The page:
Kidney measures for CKD predict clinical risk across the full age range, study suggests

Measures of kidney function used to diagnose and stage chronic kidney disease (CKD) are independently associated with end-stage renal disease and mortality regardless of age, according to a new study.


Measures of kidney function used to diagnose and stage chronic kidney disease (CKD) are independently associated with end-stage renal disease (ESRD) and mortality regardless of age, according to a new study.

Researchers performed an individual-level meta-analysis of over two million people to determine whether age modified the association of estimated glomerular filtration rate (eGFR) and albuminuria with ESRD and death. Both relative and absolute risks were evaluated. The meta-analysis looked at hazard ratios (HRs) of the primary end points, all-cause mortality and ESRD, according to eGFR and albuminuria by age category; data were adjusted for sex, race, cardiovascular disease, diabetes, systolic blood pressure, cholesterol level, body mass index and smoking status. HRs and average incidence rates were used to determine absolute risks. The study results were published online Oct. 30 by the Journal of the American Medical Association.

Participants from the Chronic Kidney Disease Prognosis Consortium, which is made up of 33 general population cohorts and 13 CKD cohorts in Asia, Australasia, Europe and North and South America, were included. Patients were followed for a mean of 5.8 years between 1972-2011. The mean patient age was 49.4 years, and 7.3% of patients were older than age 75. Deaths (112,325 people) and ESRD (8,411 events) were higher in patients with lower eGFR and higher albuminuria in every age category. In both general and high-risk cohorts, relative mortality risk decreased with increasing age for reduced eGFR (adjusted HRs, 3.50 [95% CI, 2.55 to 4.81], 2.21 [95% CI, 2.02 to 2.41], 1.59 [95% CI, 1.42 to 1.77], and 1.35 [95% CI, 1.23 to 1.48] for an eGFR of 45 mL/min/1.73 m2 vs. 80 mL/min/1.73 m2 in patients age 18 to 54 years, 55 to 64 years, 65 to 74 years, and ≥75 years, respectively; P<0.05 for age interaction). Absolute risk differences increased with age for the same comparisons (9.0 excess deaths per 1,000 person-years [95% CI, 6.0 to 12.8], 12.2 excess deaths per 1,000 person-years [95% CI, 10.3 to 14.3], 13.3 excess deaths per 1,000 person-years [95% CI, 9.0 to 18.6], and 27.2 excess deaths per 1,000 person-years [95% CI, 13.5 to 45.5], respectively).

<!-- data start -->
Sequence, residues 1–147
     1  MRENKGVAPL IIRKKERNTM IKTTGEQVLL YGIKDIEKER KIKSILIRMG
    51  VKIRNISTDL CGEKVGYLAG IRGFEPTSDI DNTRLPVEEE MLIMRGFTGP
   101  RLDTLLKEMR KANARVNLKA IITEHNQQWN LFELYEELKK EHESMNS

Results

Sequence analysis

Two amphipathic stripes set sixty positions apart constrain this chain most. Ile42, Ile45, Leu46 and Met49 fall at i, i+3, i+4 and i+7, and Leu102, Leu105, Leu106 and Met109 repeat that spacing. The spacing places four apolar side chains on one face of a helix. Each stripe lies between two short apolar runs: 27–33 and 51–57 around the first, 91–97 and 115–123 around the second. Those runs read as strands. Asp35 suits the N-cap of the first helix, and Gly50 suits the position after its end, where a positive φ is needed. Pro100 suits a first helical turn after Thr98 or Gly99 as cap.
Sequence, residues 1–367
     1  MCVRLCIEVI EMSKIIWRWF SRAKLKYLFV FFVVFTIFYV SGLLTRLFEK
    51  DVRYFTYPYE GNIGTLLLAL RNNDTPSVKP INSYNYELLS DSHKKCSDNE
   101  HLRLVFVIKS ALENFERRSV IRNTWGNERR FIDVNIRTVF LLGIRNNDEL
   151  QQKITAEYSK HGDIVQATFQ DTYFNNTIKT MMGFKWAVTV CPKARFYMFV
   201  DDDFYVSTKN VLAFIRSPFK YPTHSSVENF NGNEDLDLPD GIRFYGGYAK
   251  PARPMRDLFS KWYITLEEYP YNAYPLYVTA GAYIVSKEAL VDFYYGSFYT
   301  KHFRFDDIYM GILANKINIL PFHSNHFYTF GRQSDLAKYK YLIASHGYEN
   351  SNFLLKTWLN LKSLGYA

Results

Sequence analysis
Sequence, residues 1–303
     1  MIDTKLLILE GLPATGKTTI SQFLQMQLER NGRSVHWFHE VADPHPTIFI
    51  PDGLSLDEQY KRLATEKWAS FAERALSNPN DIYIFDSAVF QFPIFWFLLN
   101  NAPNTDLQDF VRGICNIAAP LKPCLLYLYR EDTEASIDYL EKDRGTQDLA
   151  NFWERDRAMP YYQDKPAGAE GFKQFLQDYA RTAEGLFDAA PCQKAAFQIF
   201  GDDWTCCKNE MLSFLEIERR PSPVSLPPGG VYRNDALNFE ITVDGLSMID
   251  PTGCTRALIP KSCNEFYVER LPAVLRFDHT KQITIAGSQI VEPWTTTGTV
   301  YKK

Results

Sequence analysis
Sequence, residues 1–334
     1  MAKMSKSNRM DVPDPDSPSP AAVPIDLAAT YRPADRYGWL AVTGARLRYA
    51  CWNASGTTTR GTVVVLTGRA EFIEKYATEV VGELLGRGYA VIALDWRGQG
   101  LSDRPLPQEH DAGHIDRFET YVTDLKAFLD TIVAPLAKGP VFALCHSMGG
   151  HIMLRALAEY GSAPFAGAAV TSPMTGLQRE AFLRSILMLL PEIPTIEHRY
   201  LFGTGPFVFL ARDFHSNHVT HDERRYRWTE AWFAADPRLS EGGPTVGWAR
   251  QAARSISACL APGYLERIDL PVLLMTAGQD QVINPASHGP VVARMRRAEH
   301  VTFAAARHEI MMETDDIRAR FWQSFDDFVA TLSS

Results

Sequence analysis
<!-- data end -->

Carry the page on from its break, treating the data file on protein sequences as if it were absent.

Reduced relative risk with increasing age was less marked for increased albuminuria. However, absolute risk differences were higher by older age category: 7.5 excess deaths per 1,000 person-years (95% CI, 4.3 to 11.9), 12.2 excess deaths per 1,000 person-years (95% CI, 7.9 to 17.6), 22.7 excess deaths per 1,000 person-years (95% CI, 15.3 to 31.6), and 34.3 excess deaths per 1,000 person-years (95% CI, 19.5-52.4), respectively, for an albumin-creatinine ratio of 300 mg/g compared with 10 mg/g. Adjusted relative hazards of mortality did not decrease with age in cohorts of patients with CKD, and in all cohorts, relative risks and absolute risk differences for ESRD at lower eGFRs or higher albuminuria values were comparable by age.

The authors noted that serum creatinine measurements were not standardized among studies, that no gold standard exists for measuring urine albumin, that the cohorts were heterogeneous, and that their results are based on models adjusted for traditional risk factors and therefore require careful interpretation. However, they concluded, “Although some variation in management of CKD should be considered by age based on cost and benefits, with respect to risk of mortality and ESRD, our data support a common definition and staggering of CKD based on eGFR and albuminuria for all age groups.”

The author of an accompanying editorial wrote that older adults with CKD are at high risk for death, usually from cardiovascular disease, and that clinicians should make every effort to offer proven treatment strategies in this population. “Preventing progression of CKD may be an important goal in some patients, but most older patients with CKD will not progress to ESRD,” the author wrote. He also stressed that some treatments that are effective in middle-aged adults with normal kidneys may have different benefits and risks, especially drug-related adverse effects, in older patients. “To move forward,” he wrote, “CKD identification must be coupled with new treatment strategies tailored to patients with CKD, including older patients with CKD.”